Who do we become after getting a privileged life? What happens when the new life in a new country makes us forget where we are originally from? What about the culture, colors and people we left behind? Does it really matter when we are no longer with them? “Nigerian Prince” is one of those films that brilliantly explain why we must belong to our original culture and why we should not. It gives both sides of the story where each of them will be valid. But in the end, life is about survival, whether you have money or not. It just happens that those who have less have to struggle the most…
The film follows Eze, first generation Nigerian-American who is sent back home to live with his aunt in order to understand who he really is, to learn to live in the Nigerian style, and even to struggle if required. Realizing that his four weeks’ trip to Nigeria might last much longer, the teenager teams up with his cousin Pius, who is known as a Nigerian Prince scammer who scams foreigners to earn money for his living. Thinking that this union might help him to get enough money for his trip back to America, the man will find himself in more trouble than he could anticipate. But in his mind the only thing that matters is the end result and everything else can be wealthy in between.
Grace, Eze’s aunt, is an absolutely funny woman, intelligent and uncompromising. Her way of dealing with Eze’s reaction when he realizes that he will not only have to share a bed with Grace, but also spend his evenings in a home that has no electricity. No social network or ability to check emails or to surf the internet, the young man is in an unthinkable shock, demanding for his immediate return to the advanced America where there is no problem of electricity.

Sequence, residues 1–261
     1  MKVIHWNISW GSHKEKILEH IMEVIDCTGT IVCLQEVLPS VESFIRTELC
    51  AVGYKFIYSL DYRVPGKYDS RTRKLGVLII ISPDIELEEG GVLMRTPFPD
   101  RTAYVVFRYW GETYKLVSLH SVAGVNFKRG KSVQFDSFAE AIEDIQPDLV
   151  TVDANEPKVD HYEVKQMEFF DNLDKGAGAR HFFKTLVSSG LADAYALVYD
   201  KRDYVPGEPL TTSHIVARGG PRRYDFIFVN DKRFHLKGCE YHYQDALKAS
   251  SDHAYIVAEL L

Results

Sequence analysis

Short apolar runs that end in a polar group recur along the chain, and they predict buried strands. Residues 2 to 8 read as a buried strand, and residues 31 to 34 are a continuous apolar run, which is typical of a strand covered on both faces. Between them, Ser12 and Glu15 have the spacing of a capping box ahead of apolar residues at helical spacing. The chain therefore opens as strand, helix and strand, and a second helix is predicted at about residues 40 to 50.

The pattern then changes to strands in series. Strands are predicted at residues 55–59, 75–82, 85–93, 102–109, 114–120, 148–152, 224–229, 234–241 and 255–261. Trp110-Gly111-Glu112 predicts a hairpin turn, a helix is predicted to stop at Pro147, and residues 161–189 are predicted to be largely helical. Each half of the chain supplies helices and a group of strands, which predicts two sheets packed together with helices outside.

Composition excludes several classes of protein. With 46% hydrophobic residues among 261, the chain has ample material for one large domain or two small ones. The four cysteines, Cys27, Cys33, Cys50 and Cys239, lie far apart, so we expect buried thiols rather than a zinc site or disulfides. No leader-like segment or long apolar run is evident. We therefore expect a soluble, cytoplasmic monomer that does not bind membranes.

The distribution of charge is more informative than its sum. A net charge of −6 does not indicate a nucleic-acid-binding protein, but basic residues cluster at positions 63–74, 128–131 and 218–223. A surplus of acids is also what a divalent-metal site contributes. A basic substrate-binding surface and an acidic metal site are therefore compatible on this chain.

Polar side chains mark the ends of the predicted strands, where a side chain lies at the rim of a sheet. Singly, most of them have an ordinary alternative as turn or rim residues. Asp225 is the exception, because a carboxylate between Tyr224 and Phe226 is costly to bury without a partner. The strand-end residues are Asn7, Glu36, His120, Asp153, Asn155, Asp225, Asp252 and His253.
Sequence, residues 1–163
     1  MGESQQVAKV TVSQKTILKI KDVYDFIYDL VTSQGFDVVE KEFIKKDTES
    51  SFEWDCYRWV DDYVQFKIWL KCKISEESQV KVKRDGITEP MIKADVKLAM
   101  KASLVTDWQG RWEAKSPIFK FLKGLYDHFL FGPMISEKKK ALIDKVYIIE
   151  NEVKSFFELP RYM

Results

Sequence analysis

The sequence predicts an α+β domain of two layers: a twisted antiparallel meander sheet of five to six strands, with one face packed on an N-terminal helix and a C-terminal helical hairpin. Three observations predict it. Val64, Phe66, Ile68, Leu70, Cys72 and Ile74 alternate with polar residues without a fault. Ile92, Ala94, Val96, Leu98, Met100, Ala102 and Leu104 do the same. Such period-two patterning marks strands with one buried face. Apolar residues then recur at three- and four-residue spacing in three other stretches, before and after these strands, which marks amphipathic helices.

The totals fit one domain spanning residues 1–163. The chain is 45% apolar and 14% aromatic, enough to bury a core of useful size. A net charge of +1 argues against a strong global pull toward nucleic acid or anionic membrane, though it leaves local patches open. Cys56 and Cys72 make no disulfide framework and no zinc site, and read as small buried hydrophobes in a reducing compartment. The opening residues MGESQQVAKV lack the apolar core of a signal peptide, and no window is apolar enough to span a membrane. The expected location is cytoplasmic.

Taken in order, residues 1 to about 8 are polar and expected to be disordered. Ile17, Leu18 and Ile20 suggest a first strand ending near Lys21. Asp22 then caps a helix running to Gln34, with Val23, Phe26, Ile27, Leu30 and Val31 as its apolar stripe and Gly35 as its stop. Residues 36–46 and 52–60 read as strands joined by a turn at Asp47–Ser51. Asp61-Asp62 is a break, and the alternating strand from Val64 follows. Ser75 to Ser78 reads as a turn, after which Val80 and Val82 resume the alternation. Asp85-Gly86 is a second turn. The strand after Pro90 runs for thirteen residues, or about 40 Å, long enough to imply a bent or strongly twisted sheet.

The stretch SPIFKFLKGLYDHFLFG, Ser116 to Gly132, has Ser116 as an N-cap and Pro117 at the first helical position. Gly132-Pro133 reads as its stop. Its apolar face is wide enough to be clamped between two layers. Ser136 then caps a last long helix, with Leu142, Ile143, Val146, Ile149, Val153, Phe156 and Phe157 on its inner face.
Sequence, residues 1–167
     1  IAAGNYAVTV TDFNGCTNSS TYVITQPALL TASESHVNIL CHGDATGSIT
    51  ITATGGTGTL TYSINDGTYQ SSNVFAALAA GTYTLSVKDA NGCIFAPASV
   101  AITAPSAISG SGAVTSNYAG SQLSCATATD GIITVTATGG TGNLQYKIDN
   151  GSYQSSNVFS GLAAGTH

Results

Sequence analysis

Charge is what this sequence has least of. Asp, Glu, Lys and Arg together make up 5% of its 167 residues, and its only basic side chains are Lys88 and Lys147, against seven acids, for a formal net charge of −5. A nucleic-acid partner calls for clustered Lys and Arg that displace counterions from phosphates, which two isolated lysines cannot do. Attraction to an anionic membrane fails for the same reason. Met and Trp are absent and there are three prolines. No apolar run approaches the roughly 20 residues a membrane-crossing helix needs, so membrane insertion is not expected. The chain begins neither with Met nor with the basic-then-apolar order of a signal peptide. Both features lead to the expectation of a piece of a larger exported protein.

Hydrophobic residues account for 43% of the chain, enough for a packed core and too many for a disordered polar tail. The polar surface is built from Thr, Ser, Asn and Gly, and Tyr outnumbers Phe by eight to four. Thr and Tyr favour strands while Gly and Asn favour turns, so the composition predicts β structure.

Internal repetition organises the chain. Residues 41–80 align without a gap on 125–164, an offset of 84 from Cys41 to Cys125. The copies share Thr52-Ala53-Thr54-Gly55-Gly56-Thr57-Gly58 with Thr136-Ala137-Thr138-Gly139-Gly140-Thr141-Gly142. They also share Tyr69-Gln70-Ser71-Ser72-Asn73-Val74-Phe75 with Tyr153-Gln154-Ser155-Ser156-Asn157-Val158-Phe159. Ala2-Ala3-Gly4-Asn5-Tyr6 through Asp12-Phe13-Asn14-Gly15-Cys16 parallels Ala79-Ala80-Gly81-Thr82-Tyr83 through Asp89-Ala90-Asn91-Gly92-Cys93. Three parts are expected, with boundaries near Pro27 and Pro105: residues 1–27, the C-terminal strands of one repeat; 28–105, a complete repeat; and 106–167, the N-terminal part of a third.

Pius is a smart and energetic man who wastes his talent by scamming people for the last 12 years. The irony of the story is how determine Grace is to open Eze’s yes and introduce him to his culture while her son is literally getting arrested all the time but is released because the police chief is smart. He is not arrested because of Pius committing the crime, but because he did not share the money he earned from scamming.
Corruption shown at the highest level through humour, Okoro’s masterpiece brings an insight into the corrupted world, organized crime and international scam emails, which I am sure if you check the spam folder, has been received by you and everyone else who owns an email address. By admitting to that many viewers it is a made up story and that there is no such thing as the one described in the movie may never ever occur in the real world.
But to correct that part, I could easily relate to everything captured in Nigerian Prince with what happens in my country or the countries we share nearby borders with. Scams or robbery won’t occur just like that, because the police officers in our part of the world are not as nice as in the western part, that’s why when the scam happens there should be zero expectation of it to be solved whatsoever, and Nigerian Prince strongly emphasized that.
In conclusion, “Nigerian Prince” is an exquisitely made film that literally must be seen by anyone who is not aware of what happens in foreign countries or are not aware of the different level of corruption. It is funny but a sad movie at the same time. Brilliantly written lines and perfect direction sets an example for the future generation regarding the importance of knowing where we used to belong. But in reality, it is the choice that must be made by every individual whether they want to know about their homeland or not. But in case of Eze, it felt that he took a privileged life for granted which lead to his mother’s decision to send him away from America to see poverty first before admiring the existence of money.
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